Inflationary pressures from president-elect Donald Trump policies could mean the US Federal Reserve is already behind the curve and a market reaction to a rate hike could be muted, fund managers say.
They list emerging markets and bond proxies as potential losers from today’s decision, while REITs and banks could benefit.
The FOMC meeting is the first since the US election when Republican nominee surprised pollsters and markets by winning the electoral college vote to cinch the presidency.
A rate hike is considered a near certainty at today’s meeting.
David Osfield, manager of the EdenTree Amity International fund, says unemployment data bodes well for the market being able to absorb an accelerated hike, but questions whether it is behind the curve given inflationary measures being created by Trump’s fiscal and infrastructure spending policies.
“Investors should keep a close eye on the housing market, the key bellwether of the US economy.
“More selectively, banking stocks are likely to see improved profitability from lending as net interest margins improve.”
Tom Carroll, investment director at Sanlam FOUR, says a rate hike is “in the price” and expects market reaction to be limited to a rate hike.
Treasury yields are up 100 basis points since July, Carroll points out.
While he questions how much of the Trump election manifesto will be implemented, Carroll still expects equity investors to be optimistic early into 2017, based on a pick up in inflation, stronger growth and a normalisation of monetary policy.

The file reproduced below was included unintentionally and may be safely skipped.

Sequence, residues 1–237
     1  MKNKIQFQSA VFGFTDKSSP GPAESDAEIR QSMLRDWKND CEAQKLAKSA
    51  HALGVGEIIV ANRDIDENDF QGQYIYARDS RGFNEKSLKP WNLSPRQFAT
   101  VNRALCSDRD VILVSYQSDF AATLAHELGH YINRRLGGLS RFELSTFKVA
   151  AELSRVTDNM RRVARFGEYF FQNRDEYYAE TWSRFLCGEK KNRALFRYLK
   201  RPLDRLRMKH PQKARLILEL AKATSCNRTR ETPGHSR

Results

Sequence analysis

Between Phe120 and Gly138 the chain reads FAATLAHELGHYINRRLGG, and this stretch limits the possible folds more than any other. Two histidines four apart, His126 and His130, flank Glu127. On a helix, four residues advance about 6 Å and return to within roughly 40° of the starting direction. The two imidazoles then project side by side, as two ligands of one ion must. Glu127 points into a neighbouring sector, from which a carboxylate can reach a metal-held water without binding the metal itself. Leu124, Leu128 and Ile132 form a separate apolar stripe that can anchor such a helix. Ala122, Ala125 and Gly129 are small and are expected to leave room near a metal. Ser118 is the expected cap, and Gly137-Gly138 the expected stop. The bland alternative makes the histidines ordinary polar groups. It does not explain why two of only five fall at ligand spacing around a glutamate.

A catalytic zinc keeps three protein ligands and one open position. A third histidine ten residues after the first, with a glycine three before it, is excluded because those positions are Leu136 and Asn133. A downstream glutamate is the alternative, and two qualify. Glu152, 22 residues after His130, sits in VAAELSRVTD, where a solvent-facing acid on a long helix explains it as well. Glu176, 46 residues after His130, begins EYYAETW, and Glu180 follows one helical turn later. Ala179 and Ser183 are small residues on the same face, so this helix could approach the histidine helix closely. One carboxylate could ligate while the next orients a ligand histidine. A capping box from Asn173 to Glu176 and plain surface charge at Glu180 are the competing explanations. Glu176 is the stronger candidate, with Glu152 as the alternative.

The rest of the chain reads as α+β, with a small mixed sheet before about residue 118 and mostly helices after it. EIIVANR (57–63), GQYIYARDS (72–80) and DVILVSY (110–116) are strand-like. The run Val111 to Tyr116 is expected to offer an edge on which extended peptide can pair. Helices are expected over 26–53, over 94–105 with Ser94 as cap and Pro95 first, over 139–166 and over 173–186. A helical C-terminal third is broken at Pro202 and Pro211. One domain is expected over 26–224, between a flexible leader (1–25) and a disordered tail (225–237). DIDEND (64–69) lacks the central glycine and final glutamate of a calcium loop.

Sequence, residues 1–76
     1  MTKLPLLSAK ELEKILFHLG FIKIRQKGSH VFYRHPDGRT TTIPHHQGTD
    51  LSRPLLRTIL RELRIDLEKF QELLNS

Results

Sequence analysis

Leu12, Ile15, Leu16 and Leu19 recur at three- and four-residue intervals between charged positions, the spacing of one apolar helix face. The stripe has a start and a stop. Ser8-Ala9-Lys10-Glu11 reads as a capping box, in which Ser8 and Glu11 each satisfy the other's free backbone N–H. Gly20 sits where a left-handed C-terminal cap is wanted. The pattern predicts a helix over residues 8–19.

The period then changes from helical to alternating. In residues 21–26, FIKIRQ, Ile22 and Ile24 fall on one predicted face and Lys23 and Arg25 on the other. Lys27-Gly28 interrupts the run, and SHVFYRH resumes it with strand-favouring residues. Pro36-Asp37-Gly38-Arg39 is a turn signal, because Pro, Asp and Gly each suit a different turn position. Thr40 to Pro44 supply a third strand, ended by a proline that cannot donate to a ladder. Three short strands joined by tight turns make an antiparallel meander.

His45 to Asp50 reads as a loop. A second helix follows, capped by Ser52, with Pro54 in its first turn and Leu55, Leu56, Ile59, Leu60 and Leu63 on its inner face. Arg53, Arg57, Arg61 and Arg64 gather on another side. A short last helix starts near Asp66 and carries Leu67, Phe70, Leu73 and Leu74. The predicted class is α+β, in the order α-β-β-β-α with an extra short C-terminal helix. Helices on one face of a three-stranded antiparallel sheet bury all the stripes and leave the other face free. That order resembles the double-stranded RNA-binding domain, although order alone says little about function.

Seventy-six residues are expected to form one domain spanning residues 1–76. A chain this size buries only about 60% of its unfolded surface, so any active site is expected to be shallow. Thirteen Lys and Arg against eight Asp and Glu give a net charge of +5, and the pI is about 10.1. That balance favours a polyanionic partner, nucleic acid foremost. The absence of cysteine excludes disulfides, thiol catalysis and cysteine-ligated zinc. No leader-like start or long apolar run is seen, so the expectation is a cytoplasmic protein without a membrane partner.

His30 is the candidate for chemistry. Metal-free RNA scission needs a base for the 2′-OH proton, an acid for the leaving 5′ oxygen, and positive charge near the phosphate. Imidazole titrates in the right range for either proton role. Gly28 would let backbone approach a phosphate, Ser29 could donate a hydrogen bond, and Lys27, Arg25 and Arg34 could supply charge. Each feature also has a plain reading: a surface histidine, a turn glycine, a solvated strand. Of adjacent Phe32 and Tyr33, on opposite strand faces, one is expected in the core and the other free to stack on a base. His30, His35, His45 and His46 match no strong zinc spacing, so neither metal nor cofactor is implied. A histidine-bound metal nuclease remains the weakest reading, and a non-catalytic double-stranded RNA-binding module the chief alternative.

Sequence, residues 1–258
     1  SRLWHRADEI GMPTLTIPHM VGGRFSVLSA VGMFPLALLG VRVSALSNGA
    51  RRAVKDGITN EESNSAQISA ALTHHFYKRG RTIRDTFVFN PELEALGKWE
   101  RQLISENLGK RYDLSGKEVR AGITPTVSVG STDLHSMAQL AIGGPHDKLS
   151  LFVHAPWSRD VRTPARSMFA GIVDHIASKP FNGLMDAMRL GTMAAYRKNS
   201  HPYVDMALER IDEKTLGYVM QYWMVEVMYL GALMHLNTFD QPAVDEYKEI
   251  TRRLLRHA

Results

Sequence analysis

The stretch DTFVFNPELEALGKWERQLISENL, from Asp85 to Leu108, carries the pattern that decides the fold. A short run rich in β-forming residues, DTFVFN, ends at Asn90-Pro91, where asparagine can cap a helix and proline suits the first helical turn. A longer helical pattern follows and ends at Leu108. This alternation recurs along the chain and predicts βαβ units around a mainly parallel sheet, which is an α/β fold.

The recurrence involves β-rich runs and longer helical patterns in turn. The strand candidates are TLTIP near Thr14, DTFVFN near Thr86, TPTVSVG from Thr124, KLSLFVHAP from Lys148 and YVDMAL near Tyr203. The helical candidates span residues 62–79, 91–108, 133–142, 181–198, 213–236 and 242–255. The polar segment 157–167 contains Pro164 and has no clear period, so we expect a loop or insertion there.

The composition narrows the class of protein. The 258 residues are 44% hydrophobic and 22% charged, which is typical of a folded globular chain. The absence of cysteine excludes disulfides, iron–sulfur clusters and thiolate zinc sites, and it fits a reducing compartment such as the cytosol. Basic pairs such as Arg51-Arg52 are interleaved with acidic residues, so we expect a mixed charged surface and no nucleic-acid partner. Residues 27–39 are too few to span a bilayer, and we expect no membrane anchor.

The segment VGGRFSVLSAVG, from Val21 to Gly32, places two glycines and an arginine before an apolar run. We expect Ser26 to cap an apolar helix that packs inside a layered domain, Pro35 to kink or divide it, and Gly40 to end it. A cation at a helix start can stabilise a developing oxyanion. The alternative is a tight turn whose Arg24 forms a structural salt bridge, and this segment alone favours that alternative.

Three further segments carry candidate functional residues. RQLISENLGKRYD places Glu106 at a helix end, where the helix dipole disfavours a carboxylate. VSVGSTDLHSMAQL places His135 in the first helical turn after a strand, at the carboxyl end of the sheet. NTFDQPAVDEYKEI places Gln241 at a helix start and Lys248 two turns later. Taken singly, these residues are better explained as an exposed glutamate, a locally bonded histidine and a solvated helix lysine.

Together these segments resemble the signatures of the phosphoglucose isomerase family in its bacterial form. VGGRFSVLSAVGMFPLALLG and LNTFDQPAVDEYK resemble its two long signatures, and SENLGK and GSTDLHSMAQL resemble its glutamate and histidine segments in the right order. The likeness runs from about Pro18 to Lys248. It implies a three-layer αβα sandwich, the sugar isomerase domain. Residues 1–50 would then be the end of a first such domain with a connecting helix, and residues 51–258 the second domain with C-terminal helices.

“A further shift upwards in bond yields is possible and this is likely to put further pressure on parts of the equity market that have led performance over the past few years – in particular the expensive consumer staples and other bond proxies.”
Emerging markets debt will suffer if the greenback rises on an accelerated US rate cycle, which will have a detrimental knock-on effect for equities as capital flows unwind, Osfield says.
But he adds: “We continue to see attractive long-term opportunities in EMs, but these are in the structural and sustainable growth areas within the emerging world, rather than pure yield plays.”
“For out-of-favour emerging markets (EMs) the main tightening issue is normally the greenback rather than rates. However, an accelerated US rate cycle will make the risk premium on EM debt less attractive, and higher US rates will also mean any outstanding dollar-denominated debt becomes more expensive to service. This tends to have a detrimental knock-on effect on EM equities, as capital flows unwind. However, we continue to see attractive long-term opportunities in EMs, but these are in the structural and sustainable growth areas within the emerging world, rather than pure yield plays.”
Within real estate, Thomas Bohjalian, executive vice president at Cohen & Steers, says REITs have historically performed well in periods of rising yields, as these periods are generally characterised by accelerating economic growth.
“Looking at the past 20 years, there have been seven periods in which 10-year treasury rates experienced a sustained rise of 50+ basis points over a period of one year or more.
“REITs had positive returns in six of those periods, and they outperformed the S&P 500 in five.”